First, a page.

An Economic Analysis of Domestic Violence
While economists have been studying the family as an economic unit for almost thirty years, most models have focused on cooperative family units. Domestic violence, one of the most widespread violent crimes against women, is one example of a family unit that is better explained as a noncooperative re1ationship. In this paper, a noncooperative model of domestic violence is presented. The comparative statics from this model predict that women's incomes and other financial support received from outside the marriage (family, welfare, shelters, divorce settlements, etc.) will decrease the level of violence in intact families because they increase the woman's threat point. Implications of the theoretical model are discussed and empirical evidence is summarized. The results from existing and new analysis provide support for the hypothesis that improved economic opportunities for women will decrease the level of violence in abusive re1ationships.
If you experience problems downloading a file, check if you have the proper application to view it first. In case of further problems read the IDEAS help page. Note that these files are not on the IDEAS site. Please be patient as the files may be large.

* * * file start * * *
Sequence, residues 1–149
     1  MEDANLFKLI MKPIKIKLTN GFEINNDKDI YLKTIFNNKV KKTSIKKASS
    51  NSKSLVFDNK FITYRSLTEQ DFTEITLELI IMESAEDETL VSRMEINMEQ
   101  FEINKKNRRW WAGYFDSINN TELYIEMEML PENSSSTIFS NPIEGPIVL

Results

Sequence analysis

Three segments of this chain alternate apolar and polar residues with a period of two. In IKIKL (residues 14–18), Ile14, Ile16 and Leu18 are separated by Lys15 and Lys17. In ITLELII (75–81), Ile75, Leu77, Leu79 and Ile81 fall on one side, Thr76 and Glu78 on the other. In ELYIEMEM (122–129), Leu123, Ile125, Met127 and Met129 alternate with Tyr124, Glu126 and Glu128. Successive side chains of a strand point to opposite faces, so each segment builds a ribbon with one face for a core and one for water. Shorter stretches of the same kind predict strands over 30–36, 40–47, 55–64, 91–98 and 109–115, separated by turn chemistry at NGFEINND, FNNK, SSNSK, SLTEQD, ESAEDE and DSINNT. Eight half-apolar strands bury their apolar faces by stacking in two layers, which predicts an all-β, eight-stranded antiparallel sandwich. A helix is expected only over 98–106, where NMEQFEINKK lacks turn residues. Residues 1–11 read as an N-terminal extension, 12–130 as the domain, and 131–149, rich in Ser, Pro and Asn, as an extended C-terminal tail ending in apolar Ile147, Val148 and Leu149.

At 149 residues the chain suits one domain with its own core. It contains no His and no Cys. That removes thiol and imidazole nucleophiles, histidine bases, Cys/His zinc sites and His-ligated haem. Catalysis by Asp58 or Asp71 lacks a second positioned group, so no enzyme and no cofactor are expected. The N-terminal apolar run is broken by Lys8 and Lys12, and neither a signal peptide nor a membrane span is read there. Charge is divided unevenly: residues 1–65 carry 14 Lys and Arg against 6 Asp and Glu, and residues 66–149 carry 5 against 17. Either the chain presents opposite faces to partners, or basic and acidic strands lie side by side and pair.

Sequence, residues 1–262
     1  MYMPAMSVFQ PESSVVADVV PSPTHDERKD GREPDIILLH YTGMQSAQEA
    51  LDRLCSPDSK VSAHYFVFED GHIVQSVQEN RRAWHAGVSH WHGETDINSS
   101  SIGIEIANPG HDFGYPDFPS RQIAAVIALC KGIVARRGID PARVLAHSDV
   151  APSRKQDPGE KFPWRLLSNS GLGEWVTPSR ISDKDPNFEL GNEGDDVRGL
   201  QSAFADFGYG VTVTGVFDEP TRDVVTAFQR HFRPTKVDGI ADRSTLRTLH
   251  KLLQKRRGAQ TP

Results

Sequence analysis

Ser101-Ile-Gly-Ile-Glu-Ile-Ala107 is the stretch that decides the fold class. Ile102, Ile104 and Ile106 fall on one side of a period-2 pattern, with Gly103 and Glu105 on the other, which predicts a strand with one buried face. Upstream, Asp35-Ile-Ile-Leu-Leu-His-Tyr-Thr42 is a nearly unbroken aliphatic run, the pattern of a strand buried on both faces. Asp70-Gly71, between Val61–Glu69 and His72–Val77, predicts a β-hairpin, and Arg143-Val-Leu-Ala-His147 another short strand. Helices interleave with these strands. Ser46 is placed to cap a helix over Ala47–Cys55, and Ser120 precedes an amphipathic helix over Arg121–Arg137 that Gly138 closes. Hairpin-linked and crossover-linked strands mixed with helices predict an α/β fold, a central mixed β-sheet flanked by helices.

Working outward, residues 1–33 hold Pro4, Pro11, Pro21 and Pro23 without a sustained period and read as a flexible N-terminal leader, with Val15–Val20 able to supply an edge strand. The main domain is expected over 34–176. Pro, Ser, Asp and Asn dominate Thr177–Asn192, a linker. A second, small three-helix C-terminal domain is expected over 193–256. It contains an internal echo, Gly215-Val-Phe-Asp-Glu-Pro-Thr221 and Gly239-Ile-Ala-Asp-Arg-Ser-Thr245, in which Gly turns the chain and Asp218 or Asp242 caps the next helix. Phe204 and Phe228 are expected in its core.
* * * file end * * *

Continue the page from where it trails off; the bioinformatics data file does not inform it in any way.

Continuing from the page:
As the access to this document is restricted, you may want to look for a different version under "Related research" (further below) or search for a different version of it.
Volume (Year): 55 (1997)
Issue (Month): 3 ()
|Contact details of provider:|| Web page: http://www.tandfonline.com/RRSE20|
|Order Information:||Web: http://www.tandfonline.com/pricing/journal/RRSE20|
When requesting a correction, please mention this item's handle: RePEc:taf:rsocec:v:55:y:1997:i:3:p:337-358. See general information about how to correct material in RePEc.
For technical questions regarding this item, or to correct its authors, title, abstract, bibliographic or download information, contact: (Chris Longhurst)
If references are entirely missing, you can add them using this form.